We hear the line so often, ''you are a priest forever in the line of Melchizedek.'' It is a beautiful line except for those days when you are thinking, ''I wonder if I can be a priest for the rest of the day -- let alone the 'forever part.''' We may be a priest forever both in this kingdom and in the Kingdom we await. But the fact is that each of us lives in the day-to-day lived priesthood. In those tough days we strive to get through it all.
Like any profession and/or vocation each of us is called to live fully in the moment and make today count and then make tomorrow count so that the culmination of each of these todays and tomorrows begins to add up toward the ''forever.''
We were baptized and anointed with the Chrism of Salvation as Priest, Prophet and King. This mandate of our baptismal call is further charged at our ordination. Once we are called forward the ''official'' homily echoes these three offices of baptism. It is as if at baptism the ''priest, prophet and king'' are lower case words and now at ordination they become upper case presbyteral offices: Priest, Prophet and King.
The official homily from the ritual states:
... you are to be raised to the Order of the Priesthood. For your part you will exercise the sacred duty of teaching in the name of Christ the Teacher ... see that you believe what you read, that you teach what you believe, and that you practice what you teach ... let what you teach be nourishment for the people of God.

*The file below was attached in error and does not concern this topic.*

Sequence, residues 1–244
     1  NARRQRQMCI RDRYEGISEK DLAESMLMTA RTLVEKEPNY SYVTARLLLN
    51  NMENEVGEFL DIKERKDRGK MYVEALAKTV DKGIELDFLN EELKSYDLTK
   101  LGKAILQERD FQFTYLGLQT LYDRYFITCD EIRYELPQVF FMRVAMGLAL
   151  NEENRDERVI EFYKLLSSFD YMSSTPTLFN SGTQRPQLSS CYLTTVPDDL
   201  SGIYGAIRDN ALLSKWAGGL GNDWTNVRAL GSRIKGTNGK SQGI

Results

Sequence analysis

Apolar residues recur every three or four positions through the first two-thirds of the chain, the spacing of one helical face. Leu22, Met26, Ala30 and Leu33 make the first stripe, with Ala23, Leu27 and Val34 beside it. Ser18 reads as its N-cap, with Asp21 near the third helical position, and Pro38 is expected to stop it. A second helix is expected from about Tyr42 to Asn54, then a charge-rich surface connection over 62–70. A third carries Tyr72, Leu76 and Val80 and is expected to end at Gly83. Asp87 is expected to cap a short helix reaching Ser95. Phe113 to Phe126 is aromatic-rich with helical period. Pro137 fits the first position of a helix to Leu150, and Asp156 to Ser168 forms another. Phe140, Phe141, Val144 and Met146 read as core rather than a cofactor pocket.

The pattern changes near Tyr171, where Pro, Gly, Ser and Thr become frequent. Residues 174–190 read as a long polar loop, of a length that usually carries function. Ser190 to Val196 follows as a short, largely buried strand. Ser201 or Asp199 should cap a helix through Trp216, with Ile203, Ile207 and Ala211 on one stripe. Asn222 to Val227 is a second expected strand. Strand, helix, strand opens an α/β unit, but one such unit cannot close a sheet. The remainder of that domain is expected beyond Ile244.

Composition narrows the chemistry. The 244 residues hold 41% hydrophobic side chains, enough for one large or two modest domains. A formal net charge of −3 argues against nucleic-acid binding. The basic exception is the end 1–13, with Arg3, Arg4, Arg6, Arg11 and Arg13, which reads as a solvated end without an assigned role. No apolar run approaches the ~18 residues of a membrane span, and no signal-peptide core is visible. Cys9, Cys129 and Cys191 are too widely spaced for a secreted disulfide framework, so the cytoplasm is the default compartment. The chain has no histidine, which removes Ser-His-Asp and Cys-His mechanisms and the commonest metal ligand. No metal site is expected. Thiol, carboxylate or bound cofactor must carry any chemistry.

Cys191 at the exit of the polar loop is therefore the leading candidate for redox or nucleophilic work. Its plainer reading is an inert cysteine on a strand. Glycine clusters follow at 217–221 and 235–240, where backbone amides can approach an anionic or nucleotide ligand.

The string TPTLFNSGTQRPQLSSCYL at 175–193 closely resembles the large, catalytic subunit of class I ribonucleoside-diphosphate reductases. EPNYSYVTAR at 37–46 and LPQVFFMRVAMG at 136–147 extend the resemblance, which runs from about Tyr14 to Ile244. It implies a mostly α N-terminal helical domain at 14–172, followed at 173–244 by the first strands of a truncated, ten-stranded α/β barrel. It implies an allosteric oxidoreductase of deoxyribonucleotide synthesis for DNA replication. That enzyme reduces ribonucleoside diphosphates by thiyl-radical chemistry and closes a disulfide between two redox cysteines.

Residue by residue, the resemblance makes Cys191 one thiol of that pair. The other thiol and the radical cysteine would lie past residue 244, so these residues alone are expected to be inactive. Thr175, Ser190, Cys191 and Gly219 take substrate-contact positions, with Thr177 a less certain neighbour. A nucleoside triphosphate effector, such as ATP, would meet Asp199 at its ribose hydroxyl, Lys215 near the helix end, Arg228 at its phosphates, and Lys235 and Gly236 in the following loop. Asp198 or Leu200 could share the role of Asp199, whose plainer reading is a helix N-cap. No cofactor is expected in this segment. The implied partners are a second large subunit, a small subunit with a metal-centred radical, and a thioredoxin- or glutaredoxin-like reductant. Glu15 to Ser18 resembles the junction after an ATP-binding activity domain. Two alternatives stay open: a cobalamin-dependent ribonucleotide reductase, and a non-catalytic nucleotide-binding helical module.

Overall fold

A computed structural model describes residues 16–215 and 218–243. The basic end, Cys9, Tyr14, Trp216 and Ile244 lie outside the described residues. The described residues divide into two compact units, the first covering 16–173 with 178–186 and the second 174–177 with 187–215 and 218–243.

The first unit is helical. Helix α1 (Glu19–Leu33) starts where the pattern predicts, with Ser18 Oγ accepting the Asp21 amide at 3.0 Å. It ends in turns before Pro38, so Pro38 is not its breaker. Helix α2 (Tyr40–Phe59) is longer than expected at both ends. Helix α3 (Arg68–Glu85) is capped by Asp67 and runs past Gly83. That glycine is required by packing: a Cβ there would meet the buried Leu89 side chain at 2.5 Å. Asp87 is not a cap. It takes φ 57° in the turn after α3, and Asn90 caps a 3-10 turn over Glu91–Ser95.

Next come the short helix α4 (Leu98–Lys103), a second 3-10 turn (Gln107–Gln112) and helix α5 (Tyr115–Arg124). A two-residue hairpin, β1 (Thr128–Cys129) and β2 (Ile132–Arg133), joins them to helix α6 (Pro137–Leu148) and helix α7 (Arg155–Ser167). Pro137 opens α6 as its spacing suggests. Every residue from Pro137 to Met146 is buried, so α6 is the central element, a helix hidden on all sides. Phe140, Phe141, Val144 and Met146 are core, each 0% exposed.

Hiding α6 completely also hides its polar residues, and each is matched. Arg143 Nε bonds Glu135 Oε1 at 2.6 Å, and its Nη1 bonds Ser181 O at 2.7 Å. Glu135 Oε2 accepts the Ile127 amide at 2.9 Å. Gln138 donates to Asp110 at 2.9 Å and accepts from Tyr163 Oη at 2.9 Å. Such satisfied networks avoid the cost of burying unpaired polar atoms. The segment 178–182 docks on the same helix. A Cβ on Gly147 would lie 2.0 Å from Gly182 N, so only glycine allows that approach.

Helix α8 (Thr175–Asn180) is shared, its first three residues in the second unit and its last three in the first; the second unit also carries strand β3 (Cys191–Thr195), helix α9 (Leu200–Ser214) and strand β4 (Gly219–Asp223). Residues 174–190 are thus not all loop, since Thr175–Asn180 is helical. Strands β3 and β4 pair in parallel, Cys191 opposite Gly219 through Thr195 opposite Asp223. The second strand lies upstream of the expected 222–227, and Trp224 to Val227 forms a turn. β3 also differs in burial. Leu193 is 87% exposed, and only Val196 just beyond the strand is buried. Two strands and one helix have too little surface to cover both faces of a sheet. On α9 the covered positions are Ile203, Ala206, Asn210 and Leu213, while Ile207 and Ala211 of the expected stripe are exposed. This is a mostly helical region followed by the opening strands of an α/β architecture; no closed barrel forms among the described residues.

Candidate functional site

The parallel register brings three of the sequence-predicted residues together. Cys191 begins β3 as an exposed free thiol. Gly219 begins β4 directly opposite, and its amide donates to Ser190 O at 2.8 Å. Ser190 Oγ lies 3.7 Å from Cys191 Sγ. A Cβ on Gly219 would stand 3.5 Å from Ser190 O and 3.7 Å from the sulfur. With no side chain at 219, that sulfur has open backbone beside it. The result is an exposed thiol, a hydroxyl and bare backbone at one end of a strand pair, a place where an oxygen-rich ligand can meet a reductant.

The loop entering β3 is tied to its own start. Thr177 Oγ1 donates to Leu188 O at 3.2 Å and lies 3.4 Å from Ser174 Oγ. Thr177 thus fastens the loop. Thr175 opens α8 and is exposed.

... you will exercise in Christ the office of sanctifying. For by your ministry the spiritual sacrifice of the faithful will be made perfect, being united to the sacrifice of Christ... Understand, therefore, what you do and imitate what you celebrate. ... when you gather others into the people of God through Baptism ... Penance; when you comfort the sick ... when you offer prayers of praise ... carry out the ministry of Christ the Priest with constant joy and genuine love, attending not to your own concerns but to those of Jesus Christ....
...dear sons, exercising for your part the office of Christ, Head and Shepherd, ... strive to bring the faithful together into one family, so that you may lead them to God the Father through Christ in the Holy Spirit. Keep always before your eyes the example of the Good Shepherd who came not to be served but to serve, and who came to seek out and save what was lost.
We live out these offices daily, probably never really thinking ''am I being 'priestly' as I celebrate this baptism or am I being 'prophetic?' or ''as I sit here at a staff meeting am I living out the 'shepherding' role of my sacerdotal character.' We most likely give such considerations little conscious thought.''
We are reminded by the Church that though baptized once as Priest, Prophet and King and then ordained as Priest, Prophet and King that these offices must be nurtured each day ''forever.'' These three offices are undergirded and nourished by the four areas of formation (immediate and ongoing); human, intellectual, pastoral and spiritual which were significantly highlighted in Pastores Dabo Vobis (1992). These areas have been echoed in most formational documents since: National Directory for the Formation, Ministry, and Life of Permanent Deacons in the United States (USCCB 2004) and The Basic Plan for the Ongoing Formation of Priests (USCCB 2001).